Alumnus works dream job as sports agent
Vicky Jacobsen | Wednesday, November 28, 2012
When Brian Murphy first told his parents that he had landed his dream job as a sports agent, they weren’t entirely impressed.
“That’s what my parents said when I moved to California when I was going to become a sports agent, they were like, ‘Oh, disgusting,'” Murphy, a 1992 graduate of the University, said. “They didn’t really have a good view of it, and I think in general sports agents don’t have the greatest reputation.”
So when Murphy and his partners – including Mark Humenik, his roommate from his days as a Flanner Hall resident – founded their own firm, Athletes First, in 2001, they knew they wanted to turn the image of the greedy sports agent on its head.
Instead of thinking exclusively about money, they agreed that family and community involvement played a huge role in their lives – and they had a hunch that there were plenty of NFL players who would feel the same way.
“When we started the company, a lot of people laughed at us and mocked us and said 21-year-old kids coming out of college don’t want to hear about personal relationships and giving back to the community, they want to hear about multi-million dollar contracts and guaranteed money and marketing deals,” Murphy said. “We thought that was probably not all that accurate, and I think we gave the kids coming out of college a lot more credit than maybe they’d received up to then.”
Just more than a decade later, Athletes First represents 124 athletes, most of them NFL players, and 18 coaches, including stars like Green Bay Packers quarterback Aaron Rodgers, New England Patriots wide receiver Wes Welker and San Francisco 49ers coach Jim Harbaugh.
Murphy, who serves as the company’s president, said Athletes First was intentionally designed to be an all-encompassing organization, just as his education at Notre Dame had been.
“It’s an all-around experience, and so we don’t want our clients to just look at us as negotiating contracts or doing marketing deals or providing concierge service,” Murphy said. “We really want to be an integral part of their lives, so get to know the client, get to know their family and extended family really well, and really do whatever they need done in their life, whether it’s helping them move from South Bend to Arizona like Michael Floyd this year, or helping them buy a house or automobiles or plan vacations or whatnot.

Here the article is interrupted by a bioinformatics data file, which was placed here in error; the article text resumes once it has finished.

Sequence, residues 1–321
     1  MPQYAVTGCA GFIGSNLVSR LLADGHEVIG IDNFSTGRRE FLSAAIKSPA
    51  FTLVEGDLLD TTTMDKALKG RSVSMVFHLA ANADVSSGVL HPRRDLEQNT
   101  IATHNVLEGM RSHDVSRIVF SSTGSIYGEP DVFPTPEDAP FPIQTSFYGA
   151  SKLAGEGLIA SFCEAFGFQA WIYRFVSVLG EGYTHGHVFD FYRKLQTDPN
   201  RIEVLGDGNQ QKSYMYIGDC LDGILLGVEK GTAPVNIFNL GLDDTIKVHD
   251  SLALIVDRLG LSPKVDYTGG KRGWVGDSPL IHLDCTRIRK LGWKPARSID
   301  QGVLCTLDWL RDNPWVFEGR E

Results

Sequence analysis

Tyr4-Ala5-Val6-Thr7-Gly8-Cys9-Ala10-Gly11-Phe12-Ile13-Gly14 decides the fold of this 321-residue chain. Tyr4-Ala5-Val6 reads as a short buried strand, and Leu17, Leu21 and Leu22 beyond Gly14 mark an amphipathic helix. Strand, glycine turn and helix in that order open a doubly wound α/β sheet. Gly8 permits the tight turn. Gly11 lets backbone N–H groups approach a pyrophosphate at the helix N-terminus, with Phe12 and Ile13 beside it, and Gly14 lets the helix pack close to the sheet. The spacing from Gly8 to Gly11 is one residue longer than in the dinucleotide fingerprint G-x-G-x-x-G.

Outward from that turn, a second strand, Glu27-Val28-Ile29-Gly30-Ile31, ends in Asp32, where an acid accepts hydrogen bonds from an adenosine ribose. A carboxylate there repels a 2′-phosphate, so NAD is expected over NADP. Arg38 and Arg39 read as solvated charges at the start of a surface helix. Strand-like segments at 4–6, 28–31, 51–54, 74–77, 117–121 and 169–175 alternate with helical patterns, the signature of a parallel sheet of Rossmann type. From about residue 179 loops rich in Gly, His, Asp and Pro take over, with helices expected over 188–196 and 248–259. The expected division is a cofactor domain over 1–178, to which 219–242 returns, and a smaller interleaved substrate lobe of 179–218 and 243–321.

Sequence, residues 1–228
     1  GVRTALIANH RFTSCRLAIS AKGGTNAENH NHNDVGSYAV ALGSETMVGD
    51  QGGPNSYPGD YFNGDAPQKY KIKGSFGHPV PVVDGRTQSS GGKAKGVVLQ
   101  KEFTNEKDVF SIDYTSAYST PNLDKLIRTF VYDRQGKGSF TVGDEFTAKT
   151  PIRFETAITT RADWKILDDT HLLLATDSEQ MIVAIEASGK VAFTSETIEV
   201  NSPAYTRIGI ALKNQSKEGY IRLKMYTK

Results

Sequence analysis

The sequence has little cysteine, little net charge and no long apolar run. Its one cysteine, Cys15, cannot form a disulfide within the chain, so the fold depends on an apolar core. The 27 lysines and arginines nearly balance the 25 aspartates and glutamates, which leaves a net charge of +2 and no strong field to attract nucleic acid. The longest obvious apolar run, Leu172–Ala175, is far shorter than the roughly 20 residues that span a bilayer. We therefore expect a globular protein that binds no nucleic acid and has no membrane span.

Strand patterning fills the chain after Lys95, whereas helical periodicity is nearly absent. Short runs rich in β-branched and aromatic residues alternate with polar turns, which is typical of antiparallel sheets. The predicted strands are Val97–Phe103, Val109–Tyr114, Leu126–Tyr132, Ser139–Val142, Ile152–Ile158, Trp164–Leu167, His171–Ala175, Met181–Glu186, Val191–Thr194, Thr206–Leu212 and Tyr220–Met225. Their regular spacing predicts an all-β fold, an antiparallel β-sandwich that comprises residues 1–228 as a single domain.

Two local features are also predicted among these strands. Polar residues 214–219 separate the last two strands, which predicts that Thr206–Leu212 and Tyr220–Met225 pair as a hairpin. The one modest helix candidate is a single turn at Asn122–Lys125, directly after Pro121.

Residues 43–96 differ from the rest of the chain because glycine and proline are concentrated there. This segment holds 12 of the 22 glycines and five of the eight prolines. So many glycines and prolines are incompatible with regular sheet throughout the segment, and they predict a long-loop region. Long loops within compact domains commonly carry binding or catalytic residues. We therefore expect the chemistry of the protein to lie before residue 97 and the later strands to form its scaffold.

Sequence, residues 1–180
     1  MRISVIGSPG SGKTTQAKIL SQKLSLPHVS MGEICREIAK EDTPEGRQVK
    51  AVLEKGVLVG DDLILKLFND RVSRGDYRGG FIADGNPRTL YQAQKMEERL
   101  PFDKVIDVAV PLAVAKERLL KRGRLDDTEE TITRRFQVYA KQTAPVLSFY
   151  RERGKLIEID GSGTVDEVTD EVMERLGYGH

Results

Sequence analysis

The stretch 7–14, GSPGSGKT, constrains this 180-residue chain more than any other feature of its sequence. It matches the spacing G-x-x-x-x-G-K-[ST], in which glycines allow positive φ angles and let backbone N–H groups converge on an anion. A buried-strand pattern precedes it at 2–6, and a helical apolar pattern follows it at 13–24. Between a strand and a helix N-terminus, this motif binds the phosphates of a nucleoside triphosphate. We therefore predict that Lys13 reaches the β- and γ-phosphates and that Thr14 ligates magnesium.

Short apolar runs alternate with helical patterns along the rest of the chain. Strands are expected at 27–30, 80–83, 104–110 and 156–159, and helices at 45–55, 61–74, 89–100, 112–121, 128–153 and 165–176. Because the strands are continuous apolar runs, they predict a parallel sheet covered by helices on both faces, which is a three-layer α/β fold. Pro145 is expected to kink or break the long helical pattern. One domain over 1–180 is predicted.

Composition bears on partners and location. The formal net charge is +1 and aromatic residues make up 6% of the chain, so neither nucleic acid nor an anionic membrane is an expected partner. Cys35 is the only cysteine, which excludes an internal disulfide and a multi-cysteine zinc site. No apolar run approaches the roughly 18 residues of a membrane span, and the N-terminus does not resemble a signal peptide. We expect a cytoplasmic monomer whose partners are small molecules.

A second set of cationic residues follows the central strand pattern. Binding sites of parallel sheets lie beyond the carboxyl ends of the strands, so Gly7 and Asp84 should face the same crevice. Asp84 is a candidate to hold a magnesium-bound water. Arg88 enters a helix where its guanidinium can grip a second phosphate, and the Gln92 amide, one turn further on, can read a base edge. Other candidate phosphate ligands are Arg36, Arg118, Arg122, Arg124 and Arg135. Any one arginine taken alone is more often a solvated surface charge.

“We really want them to rely upon us to do everything for them so they can go and play football, and when they’re not playing football they can do what’s important to them in life as opposed to worrying about the little stuff.”
For former Notre Dame player and current Minnesota Vikings tight end Kyle Rudolph, who was drafted in 2011, Athletes First played a huge role in aiding his transition to the NFL.
“They helped a ton, whether it was pre-draft process, just giving me updates as far as managing expectations of where I was going to end up going,” Rudolph said. “After I was drafted to Minnesota, they really helped me because we had the lockout, and we didn’t have any contact with the team, and so they were able to help me come up to Minnesota and find a place to move into once our season started. Normally that’s something that the team will do.”
Athletes First draws heavily from recent Notre Dame and USC graduates – they’ve signed every USC quarterback since Carson Palmer – and while the company’s location in California makes recruiting former Trojans very easy, former Notre Dame players say that the Irish connection and the family atmosphere of Athletes First aided their decision.
“I think the relationship that Murph and all the other people at Athletes First have with their clients is very family-oriented and family based,” Rudolph said. “They treat their clients like family, and I know for a lot of agents football is a business relationship, and I think our relationship is a family-oriented relationship as opposed to business-oriented.”
Another Athletes First client, Minnesota Vikings safety Harrison Smith, who was drafted last spring after five seasons at Notre Dame, said he trusted Murphy as a friend, something that can’t be said of all agents. Both he and Rudolph said they talk to Murphy and other members of the 16-person staff at Athletes First as often as a few times a week.
They can confirm that Murphy’s commitment to family and community service aren’t just talk.
“My parents are welcome and feel free to call Murph at any time if they ever need anything,” Rudolph said. “He always answers and helps them out.”
This March, Murphy and several of his clients who are Notre Dame grads will travel to Africa with the Starkey Foundation to distribute hearing aids to people who would otherwise be unable to afford them.
“That’s not stuff you traditionally do with your sports agent and not traditionally a job you would think a sports agent does,” Murphy said. “But we’re constantly looking for ways to work with our clients to give back to the community, and I think we all become better doing that.”
Contact Vicky Jacobsen at email@example.com.